A (better) introduction to Rivr

[This post is a contribution of Jean-Philippe Gariépy, lead software developer at Nu Echo.]

In August 2013, Nu Echo announced Rivr, a new open-source Java dialogue engine for VoiceXML. At that moment, the API wasn’t yet frozen and we were expecting feedback before releasing our first stable version. Since that moment, we’ve been working on cleaning up the API, making it more intuitive. We’ve also added more documentation and a set of self-contained examples, the Rivr Cookbook. Being satisfied with the current state of Rivr, we released the 1.0.0 version. This version is ready for production-grade applications. We plan to leave the API compatible for all 1.0.x upcoming versions.

What is Rivr?

In a nutshell, Rivr is a Java library for making IVR applications for VoiceXML platforms. Rivr uses Java servlets to exchange VoiceXML documents between the VoiceXML platform and the application, each document being generated on-the-fly by Rivr. Instead of using the traditional, less powerful state machine abstractions, the developer implements the callflow by the means of a regular Java program. The developer never manipulates VoiceXML directly.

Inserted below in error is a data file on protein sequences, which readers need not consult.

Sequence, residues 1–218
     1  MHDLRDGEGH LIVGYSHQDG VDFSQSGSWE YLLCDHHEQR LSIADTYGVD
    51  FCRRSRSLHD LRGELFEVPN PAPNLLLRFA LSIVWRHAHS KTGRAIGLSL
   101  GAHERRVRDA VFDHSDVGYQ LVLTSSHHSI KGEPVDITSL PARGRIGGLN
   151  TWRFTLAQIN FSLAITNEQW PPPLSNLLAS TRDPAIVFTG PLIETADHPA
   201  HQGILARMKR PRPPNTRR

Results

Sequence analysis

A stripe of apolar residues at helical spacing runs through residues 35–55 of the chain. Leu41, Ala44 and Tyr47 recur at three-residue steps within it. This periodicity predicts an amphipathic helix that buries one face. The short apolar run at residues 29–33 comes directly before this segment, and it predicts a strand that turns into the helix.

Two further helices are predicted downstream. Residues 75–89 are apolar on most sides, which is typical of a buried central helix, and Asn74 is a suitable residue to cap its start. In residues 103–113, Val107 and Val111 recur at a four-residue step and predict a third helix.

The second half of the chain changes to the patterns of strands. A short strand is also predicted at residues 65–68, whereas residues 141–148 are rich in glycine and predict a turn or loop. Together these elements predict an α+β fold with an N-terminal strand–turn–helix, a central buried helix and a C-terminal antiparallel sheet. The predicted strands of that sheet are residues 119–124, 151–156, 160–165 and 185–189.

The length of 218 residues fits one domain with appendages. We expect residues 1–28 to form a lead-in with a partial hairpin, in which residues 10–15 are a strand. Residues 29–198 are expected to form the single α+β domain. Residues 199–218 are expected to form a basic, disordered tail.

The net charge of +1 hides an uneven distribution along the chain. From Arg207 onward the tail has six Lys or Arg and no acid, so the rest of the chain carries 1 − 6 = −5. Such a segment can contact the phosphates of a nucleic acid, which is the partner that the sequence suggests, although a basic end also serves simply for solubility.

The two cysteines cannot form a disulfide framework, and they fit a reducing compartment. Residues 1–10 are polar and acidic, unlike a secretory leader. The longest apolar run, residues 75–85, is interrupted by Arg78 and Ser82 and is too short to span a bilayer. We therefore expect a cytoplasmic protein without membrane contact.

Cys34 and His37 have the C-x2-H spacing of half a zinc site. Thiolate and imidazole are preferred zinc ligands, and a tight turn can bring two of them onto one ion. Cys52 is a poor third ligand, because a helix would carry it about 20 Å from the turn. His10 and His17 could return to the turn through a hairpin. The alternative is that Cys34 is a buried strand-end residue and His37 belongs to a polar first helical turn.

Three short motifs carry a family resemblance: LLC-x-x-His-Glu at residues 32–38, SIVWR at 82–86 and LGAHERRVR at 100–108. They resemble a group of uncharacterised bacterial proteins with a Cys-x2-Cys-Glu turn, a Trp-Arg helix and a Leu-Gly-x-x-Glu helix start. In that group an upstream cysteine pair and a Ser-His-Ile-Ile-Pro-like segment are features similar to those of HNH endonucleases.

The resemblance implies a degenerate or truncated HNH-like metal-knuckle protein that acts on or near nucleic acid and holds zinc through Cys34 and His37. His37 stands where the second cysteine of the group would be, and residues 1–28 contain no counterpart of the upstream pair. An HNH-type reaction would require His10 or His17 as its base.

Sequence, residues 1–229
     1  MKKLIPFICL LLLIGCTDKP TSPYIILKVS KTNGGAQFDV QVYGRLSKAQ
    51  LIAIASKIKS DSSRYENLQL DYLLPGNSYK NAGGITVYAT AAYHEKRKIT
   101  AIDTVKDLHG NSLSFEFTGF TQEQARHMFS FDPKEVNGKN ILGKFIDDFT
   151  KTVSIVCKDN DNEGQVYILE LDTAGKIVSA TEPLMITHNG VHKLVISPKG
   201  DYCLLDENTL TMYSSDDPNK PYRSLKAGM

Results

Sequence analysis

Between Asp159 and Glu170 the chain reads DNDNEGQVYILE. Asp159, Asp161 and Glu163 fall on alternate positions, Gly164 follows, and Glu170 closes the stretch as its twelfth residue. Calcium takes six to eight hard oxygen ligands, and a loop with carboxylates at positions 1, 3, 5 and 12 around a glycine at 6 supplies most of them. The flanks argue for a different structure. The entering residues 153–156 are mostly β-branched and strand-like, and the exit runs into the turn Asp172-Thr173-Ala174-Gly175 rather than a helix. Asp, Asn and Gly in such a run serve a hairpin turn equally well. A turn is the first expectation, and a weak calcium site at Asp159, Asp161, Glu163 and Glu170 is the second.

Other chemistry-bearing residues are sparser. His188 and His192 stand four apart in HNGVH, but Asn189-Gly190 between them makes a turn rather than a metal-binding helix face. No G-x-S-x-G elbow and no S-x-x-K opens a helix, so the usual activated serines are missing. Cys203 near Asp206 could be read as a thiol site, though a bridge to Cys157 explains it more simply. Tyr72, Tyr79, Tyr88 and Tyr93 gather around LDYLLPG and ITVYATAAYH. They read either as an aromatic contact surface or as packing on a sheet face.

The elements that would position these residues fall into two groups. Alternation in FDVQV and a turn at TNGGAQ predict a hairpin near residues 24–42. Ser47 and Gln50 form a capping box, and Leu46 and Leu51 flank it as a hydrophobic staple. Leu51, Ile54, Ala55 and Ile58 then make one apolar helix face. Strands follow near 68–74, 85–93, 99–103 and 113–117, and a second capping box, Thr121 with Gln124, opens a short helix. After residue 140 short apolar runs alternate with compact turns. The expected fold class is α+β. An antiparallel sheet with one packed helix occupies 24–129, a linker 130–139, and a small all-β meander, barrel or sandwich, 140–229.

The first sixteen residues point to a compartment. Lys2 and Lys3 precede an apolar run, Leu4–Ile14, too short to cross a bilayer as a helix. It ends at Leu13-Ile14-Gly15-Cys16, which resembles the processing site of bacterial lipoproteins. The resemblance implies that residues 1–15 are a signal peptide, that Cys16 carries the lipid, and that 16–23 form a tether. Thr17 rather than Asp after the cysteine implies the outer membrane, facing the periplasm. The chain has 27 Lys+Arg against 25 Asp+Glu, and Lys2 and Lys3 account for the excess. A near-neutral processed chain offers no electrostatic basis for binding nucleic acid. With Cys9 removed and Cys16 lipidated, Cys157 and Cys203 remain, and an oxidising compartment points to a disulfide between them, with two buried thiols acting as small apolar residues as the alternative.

How does it work?

When you write a dialogue with Rivr, you write a Java method that will be invoked by the controller. The controller is usually the DialogueServlet but it can also be a unit test. In this method, whenever you need to perform a VoiceXML action (e.g. play a message, perform speech or DTMF recognition, transfer a call or record a message), you create an OutputTurn object and send it down to the DialogueChannel via the doTurn() method. The latter method will block the dialogue thread until the dialogue channel receives an InputTurn from the controller. Then, the thread will unblock and the method will return the InputTurn to the dialogue. There is no need to be concerned about the complete HTTP round-trip occurring between the servlet and the VoiceXML platform. You just need to call a method and deal with the result, this feels mouch more like a regular library API than a heavy framework.

A dialogue starts with a FirstTurn, then it’s just a series a exchanges of OutputTurns (actions to be run on VoiceXML platform) and InputTurns (the results of those actions) until the dialogue terminates with a LastTurn:

public LastTurn run(FirstTurn firstTurn, DialogueContext context) {
    OutputTurn question1 = ...;
    InputTurn response1 = doTurn(question1, context);

    //do something with the response

    OutputTurn question2 = ...;
    InputTurn response2 = doTurn(question2, context);
    //do something with the response

    //repeat as needed, then provide a dialogue result

    LastTurn dialogueResult = ...;
    return dialogueResult;




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About the author

Dominique Boucher
I am the CTO of Nu Echo, where I am in charge of leading the technology directions and help turn customer requirements into truly effective products and solutions.

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